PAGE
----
Americans giving up former ‘necessities’

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Even though economic indicators signal the Great Recession is over, for many American households it’s already reshaped our perspective of what we find necessary and what we can live without, according to a national survey earlier this year by the Pew Research Center on what consumers consider household luxuries versus necessities.

Necessity redefined

When the survey was last taken in April 2006, the euphoria of the housing boom still lingered, and the “necessity” rating for many household items reached a peak following an upward trend since 1996.

The latest survey, conducted in April 2009, shows an about-face for American consumers for half of the 12 household items tested, with a significant drop in necessity ratings for six items:

  • Clothes dryers down 17 points, from 83 percent in 2006 to 66 percent today.
  • Microwave ovens down 13 points percent from 68 percent to 47 percent.
  • Television sets down 12 points from 68 percent to 56 percent, the smallest share of couch potato-ness in more than 35 years, according to Pew.
  • Cable or satellite TV down 10 points from 33 percent to 23 percent.
  • Dishwashers down 14 points from 35 percent to 21 percent.
  • Home air conditioning — despite the news of global warming — down 17 points from 70 percent to 54 percent, though those in the Sun Belt still rated these systems favorably, according to Rich Morin, senior editor at Pew and co-author of the survey.

“This is the first time since the Depression that such a large number of consumers have faced the threat of losing their homes,” says Robert B. Nielsen, assistant professor of consumer economics at The University of Georgia in Athens. “It puts the concept of ‘necessities’ and ‘luxuries’ into context.”

Gadget giddiness

While it may sound fiscally schizophrenic, some high-end, high-tech items held their own or slightly increased in their necessity ratings, including cell phones, home computers, flat-screen TVs, high-speed Internet access and iPods. Cars also continue to be viewed by consumers as essential, with 88 percent rating it a necessity, and only a three-point drop from 2006.

“People who still have resources recognize that today a high-quality TV or an iPhone is an integral part of their lives, so that makes it a necessity,” says Michael Solomon, professor of marketing and director of the Center for Consumer Research at Saint Joseph’s University in Philadelphia.

“In some ways technology is prompting some of these shifts,” says Morin, citing the younger generation’s propensity for getting their information and entertainment through the Internet. While old-tech items like televisions and land line phones may be on the road to obsolescence, regardless of the economic climate, the sensitivity of other items may be just a factor of the survey’s timing say Morin and the experts. The survey results came on the heels of the lowest consumer confidence index — 25 percent reported by the Conference Board in February 2009 — in more than 40 years.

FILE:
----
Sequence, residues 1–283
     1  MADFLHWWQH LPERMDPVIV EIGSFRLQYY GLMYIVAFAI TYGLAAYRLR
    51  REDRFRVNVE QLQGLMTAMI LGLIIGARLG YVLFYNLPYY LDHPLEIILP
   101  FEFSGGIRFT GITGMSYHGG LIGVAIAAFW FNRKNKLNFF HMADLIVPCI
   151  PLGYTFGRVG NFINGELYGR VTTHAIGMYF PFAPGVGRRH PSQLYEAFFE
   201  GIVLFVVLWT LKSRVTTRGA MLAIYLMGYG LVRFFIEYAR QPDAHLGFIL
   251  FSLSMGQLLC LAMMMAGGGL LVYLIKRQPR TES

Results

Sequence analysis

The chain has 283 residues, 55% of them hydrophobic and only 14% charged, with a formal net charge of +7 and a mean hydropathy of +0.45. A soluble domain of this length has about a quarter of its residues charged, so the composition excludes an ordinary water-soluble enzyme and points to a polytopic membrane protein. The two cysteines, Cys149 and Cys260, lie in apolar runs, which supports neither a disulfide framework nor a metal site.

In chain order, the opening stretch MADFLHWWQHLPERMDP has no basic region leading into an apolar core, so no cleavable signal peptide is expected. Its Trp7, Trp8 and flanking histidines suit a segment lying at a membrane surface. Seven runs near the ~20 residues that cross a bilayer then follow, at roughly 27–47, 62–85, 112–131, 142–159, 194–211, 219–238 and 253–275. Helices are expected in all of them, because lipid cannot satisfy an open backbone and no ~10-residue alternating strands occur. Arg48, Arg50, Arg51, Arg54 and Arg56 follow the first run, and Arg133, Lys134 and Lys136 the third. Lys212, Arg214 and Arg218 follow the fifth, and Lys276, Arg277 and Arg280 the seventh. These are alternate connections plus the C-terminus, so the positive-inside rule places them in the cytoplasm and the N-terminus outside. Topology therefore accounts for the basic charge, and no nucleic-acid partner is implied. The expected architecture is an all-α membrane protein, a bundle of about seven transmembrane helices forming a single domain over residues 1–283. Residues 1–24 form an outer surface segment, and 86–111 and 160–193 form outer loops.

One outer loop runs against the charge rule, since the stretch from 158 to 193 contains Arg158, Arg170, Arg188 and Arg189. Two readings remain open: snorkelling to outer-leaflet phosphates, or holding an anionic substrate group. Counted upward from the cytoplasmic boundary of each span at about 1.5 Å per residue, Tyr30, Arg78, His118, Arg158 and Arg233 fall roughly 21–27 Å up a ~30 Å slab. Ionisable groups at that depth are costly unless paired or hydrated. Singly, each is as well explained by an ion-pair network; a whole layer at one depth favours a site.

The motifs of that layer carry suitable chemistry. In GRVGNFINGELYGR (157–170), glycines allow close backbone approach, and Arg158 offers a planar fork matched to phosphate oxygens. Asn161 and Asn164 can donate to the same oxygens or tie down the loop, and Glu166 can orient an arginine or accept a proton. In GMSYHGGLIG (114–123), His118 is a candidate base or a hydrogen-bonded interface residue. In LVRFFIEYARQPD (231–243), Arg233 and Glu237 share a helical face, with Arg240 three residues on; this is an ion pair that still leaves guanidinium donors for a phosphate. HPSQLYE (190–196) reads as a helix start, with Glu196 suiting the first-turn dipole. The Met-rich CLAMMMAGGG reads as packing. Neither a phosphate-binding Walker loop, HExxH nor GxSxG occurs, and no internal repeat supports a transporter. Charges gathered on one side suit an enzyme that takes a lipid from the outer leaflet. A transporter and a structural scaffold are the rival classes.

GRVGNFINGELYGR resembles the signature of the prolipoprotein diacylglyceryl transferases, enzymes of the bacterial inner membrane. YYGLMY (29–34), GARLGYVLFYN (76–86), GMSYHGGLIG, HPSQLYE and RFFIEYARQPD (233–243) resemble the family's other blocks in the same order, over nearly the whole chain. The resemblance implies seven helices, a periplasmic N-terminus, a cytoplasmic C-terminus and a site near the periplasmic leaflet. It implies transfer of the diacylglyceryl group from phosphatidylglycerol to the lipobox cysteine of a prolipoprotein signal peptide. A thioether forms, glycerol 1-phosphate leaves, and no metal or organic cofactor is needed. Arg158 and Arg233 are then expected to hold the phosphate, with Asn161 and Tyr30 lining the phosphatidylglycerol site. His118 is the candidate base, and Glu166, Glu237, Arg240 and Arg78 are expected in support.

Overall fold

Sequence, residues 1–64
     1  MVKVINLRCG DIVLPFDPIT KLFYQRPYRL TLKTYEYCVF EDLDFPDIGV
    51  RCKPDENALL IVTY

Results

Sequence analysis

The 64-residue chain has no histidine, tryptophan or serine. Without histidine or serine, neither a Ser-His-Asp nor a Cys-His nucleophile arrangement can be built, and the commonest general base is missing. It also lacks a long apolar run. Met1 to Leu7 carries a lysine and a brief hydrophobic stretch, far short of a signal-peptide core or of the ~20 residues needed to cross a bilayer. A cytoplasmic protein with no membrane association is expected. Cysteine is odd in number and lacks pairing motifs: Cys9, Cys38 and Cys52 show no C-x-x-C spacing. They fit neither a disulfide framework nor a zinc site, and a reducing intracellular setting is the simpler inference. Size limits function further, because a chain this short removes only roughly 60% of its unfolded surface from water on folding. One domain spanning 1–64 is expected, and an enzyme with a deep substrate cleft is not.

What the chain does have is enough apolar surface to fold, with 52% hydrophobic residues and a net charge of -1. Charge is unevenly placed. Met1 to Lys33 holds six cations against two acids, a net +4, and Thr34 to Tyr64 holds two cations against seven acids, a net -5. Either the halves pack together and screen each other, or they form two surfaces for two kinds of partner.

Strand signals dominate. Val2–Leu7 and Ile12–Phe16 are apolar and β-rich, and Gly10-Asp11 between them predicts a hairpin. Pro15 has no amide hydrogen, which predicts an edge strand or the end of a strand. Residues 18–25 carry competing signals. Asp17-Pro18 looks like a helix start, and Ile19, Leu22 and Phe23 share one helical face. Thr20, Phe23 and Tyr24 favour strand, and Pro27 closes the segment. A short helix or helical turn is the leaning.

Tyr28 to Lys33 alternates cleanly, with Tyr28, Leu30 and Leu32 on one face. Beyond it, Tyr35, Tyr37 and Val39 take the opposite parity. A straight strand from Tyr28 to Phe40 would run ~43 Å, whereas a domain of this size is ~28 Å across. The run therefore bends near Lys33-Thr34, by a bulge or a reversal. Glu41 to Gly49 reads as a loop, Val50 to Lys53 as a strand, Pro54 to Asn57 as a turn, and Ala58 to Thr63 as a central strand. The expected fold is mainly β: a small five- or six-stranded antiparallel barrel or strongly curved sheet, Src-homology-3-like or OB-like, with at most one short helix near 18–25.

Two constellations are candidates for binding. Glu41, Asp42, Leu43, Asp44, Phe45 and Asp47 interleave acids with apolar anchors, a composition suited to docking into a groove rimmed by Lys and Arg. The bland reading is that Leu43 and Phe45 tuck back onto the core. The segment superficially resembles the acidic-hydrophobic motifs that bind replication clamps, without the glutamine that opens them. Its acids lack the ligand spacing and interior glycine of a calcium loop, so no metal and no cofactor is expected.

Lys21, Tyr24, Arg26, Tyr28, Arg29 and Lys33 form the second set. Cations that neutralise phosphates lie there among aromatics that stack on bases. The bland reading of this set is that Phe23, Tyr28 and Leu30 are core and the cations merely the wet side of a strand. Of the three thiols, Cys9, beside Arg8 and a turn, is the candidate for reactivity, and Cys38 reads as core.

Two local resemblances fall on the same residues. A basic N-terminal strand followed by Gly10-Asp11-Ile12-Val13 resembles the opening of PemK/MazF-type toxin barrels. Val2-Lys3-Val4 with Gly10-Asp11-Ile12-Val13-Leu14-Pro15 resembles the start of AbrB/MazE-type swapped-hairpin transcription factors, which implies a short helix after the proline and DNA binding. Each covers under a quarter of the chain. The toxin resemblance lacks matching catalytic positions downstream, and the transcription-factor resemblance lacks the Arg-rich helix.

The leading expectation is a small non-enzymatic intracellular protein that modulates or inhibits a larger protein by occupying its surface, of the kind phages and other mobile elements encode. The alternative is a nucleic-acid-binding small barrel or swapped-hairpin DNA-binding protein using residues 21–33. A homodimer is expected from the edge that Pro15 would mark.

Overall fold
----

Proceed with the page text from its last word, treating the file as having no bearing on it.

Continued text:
Cutting back

Pew also asked about nine specific cost-cutting measures and found that at least one in five consumers:

  • Bought less expensive or discount store brands (57 percent).
  • Cut spending on alcohol or cigarettes (28 percent).
  • Reduced or canceled cable or satellite TV (24 percent).
  • Reduced or canceled cell phone service (22 percent).
  • Made plans to plant a vegetable garden (21 percent).
  • Started doing yard work or home repairs they once hired out (20 percent).

Of all those surveyed, 80 percent say they had taken at least one specific step to trim expenses, while nearly 30 percent reduced spending at least four ways. While those hardest hit by the recession have been the most apt to pinch pennies, about 75 percent of all adults with family incomes of $100,000 or more have done at least one thing to economize.

So, is this new frugality here to stay? This live-without mentality has happened before say Nielsen and Solomon, both citing consumers’ gas-saving measures when the price of gas goes up and our gas-guzzling ways when gas prices go down.

“Although consumers have downgraded the brands they buy in some categories and they have shifted some behaviors, the jury is still out as to whether this is a relatively permanent change,” says Solomon.

American consumers will reframe their outlook when they regain confidence in the economy predicts Nielsen of the University of Georgia’s Consumer Research Center: “The longer the current economic uncertainty continues, the more likely it is that consumers will find substitutes for former necessities.”

With unemployment now at 10 percent (down from the October high of 10.2 percent, the highest jobless rate since 1983), when that consumer confidence will return is anyone’s guess.